Welcome to today's live chat about income investing!
Hello, and welcome to all
Manny and Jeff, what's the biggest challenge facing income investors today? It's not easy out there, is it?
No, it never is. Yields are still low and there's economic weakness to think about. Sometimes, that's good for bonds and income. Other times, it's a problem.
Obviously, you can't get anything from money-market funds or CDs, so you basically have to take risk to get any sort of decent income
I'm sure many of our readers are interested in just how much risk you have to take. What would you say are some of the least risky income investments?
This depends on what kind of risk you're thinking about. If you are concerned that interest rates will go up and hurt you that way, then you want short-term stuff. If you are more fearful of economic troubles and defaults, then go with government debt but keep it short-term, also. I'f I had to pick one investment that appears safe on both counts, it would be a GNMA fund.
Jeff, you like BBB corporate bonds, too, don' t you? Not totally safe but a decent risk/reward tradeoff
Yes, those are a good place to go for more yield, in the 3% to 4% range.
Alright, let's get started with our first reader question from Jim.
And what about funds that invest in floating-rate debt? I realize that if we have another credit crisis like the one we had in 08, these funds will sink, but barring that they offer decent yield and their prices tend to stay in a pretty narrow range most of the time
As Jeff said earlier, it sounds like you pretty much have to take some risk no matter what.
Alright, here's Jim's question.
Where is the money currently invested?
That annuity question is right up Jeff's alley. But just getting back to risk and reward for a sec while Jeff ponders annuities, even if you earn 2% today, you're at best breaking even with inflation. So you need to go beyond short-term bond funds to get a positive after-inflation return. We can talk about more ideas later
Jim, you mean EuroPacific? That's American's main developed-market int'l stock fund
Then you should move about two-thirds of it into some kind of income fund but not annuitize yet if you don't need to start drawing out the income. I'd be highly uncomfortable being 67 and having 100%, or closer to, exposure to stocks.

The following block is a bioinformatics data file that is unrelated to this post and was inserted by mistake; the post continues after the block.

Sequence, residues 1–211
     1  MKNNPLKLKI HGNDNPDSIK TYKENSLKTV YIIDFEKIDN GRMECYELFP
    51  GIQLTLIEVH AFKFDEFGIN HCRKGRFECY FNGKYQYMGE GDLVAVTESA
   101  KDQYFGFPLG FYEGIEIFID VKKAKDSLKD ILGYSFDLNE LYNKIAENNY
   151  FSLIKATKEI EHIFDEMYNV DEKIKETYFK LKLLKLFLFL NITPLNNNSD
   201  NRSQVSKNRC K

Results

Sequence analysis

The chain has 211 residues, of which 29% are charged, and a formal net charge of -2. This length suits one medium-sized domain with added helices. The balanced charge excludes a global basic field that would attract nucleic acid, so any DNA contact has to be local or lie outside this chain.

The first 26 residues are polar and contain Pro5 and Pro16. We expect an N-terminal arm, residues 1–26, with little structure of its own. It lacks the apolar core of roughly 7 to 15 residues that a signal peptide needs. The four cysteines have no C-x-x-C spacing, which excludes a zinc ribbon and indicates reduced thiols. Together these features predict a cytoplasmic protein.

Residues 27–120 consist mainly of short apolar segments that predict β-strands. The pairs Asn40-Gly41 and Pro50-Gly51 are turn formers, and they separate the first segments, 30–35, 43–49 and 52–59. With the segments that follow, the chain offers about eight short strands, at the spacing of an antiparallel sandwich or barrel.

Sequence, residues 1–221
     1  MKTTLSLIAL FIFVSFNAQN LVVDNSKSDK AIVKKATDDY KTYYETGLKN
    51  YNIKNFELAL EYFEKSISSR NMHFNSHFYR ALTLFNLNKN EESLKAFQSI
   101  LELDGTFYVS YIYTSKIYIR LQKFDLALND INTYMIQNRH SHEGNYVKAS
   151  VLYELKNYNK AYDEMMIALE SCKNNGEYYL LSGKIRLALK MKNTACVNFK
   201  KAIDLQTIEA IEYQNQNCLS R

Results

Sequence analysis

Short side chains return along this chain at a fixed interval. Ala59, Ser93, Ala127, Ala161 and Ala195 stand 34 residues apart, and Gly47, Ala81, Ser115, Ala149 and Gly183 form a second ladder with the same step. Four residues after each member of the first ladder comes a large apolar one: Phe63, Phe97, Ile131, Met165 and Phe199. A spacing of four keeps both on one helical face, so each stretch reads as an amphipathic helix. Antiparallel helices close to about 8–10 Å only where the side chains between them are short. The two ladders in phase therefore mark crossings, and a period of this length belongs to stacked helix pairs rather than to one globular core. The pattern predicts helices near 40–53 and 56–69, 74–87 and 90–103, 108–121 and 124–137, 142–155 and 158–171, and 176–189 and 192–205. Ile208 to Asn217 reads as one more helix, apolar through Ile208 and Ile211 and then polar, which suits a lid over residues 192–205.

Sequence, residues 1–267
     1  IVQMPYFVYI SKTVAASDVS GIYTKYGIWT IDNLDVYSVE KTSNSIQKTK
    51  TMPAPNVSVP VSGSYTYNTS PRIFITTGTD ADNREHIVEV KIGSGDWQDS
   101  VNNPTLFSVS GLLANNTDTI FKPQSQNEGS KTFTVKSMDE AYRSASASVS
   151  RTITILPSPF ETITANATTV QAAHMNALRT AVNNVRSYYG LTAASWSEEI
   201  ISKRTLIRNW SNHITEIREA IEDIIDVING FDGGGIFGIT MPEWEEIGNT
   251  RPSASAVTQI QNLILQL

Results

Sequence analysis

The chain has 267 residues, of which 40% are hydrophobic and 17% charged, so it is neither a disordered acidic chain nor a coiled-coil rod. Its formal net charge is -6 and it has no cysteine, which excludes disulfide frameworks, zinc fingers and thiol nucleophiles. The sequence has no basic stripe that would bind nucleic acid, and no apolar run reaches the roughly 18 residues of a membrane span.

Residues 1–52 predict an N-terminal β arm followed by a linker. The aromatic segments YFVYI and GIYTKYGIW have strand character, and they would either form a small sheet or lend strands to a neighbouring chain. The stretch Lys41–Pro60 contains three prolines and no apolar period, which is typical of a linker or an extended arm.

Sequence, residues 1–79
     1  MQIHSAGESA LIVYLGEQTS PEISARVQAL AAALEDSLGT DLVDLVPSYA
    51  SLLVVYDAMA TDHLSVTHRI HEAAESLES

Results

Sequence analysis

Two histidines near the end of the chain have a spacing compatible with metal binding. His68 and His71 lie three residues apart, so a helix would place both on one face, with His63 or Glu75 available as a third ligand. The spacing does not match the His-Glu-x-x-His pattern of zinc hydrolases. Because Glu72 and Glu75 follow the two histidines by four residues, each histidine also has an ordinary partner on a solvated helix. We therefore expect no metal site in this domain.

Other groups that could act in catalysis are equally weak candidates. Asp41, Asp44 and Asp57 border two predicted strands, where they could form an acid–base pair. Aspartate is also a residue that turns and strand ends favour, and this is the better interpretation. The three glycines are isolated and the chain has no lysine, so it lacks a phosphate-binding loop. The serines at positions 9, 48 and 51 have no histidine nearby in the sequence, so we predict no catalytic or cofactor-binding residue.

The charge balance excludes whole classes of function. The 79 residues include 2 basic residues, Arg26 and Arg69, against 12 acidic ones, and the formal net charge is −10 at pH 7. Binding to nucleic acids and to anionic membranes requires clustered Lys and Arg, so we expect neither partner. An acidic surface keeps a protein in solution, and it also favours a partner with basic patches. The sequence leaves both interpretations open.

Jim, is the bulk of your money in tiaa-cref? Do you have retirement money elsewhere?
I can hear Jeff breathing a sigh of relief :)
Well, then you're probably OK but I'd make sure that stock allocation has some dividends to protect against the worst. All in all, from this limited info, you don't seem to be off the tracks. Definitely, though, don't lock in this low of a lifetime annuity rate.... not if you don't need the money now.
Good, that gives us a better sense of your situation, Jim. For practical purposes, you should lump all of your money together in arriving at asset-allocation decisions. Jeff's comments sound right to me
One more follow-up from Jim
Thanks for the great questions, Jim. Did that link to Investing for Income work okay for you this time?
While we're on the topic of asset allocation, let's take our next question from JJ
What kind of a return do you need? Do you have a lot of cash saved now, or are you well short of your goal?
While we wait to hear back from JJ, let's go back to something you said earlier Manny. You mentioned that in order to get a positive after-inflation return, you need to go beyond short-term bond funds. Can you talk a little bit more about this? What are some possible ideas?
FWIW, the 2020 target-retirement funds from Fidelity, Price and Vanguard have from 26% to 42% in bonds.
Vanguard Wellesley and Wellington are pretty reliable for beating inflation and without too much drama.
Jeff and I both attended the recent Morningstar conference (please post links to the pieces we did), and the suggestions that kept coming up most frequently with regards to income were junk bonds, emerging-markets bonds and, sigh, dividend-paying stocks. I put a sigh in there cause I know a lot of investors have pretty much written them off or are approaching them with extreme care. But there are so many great blue-chip companies out there that are yielding 3, 4, even 5% and have an opportunity to grow their dividends year in and year out. In fact, we love the dividend-growth strategy. Jeff wrote about it from a stock perspective in the Feb issue, our next issue (Sept) will contain a piece on the best dividend-growth funds.
Wellesley and Wellington are kind of mirror images of each other. Wellington is 2/3 high-quality stocks and 1/3 high-quality bonds; Wellesley is 2/3 bonds, 1/3 stocks.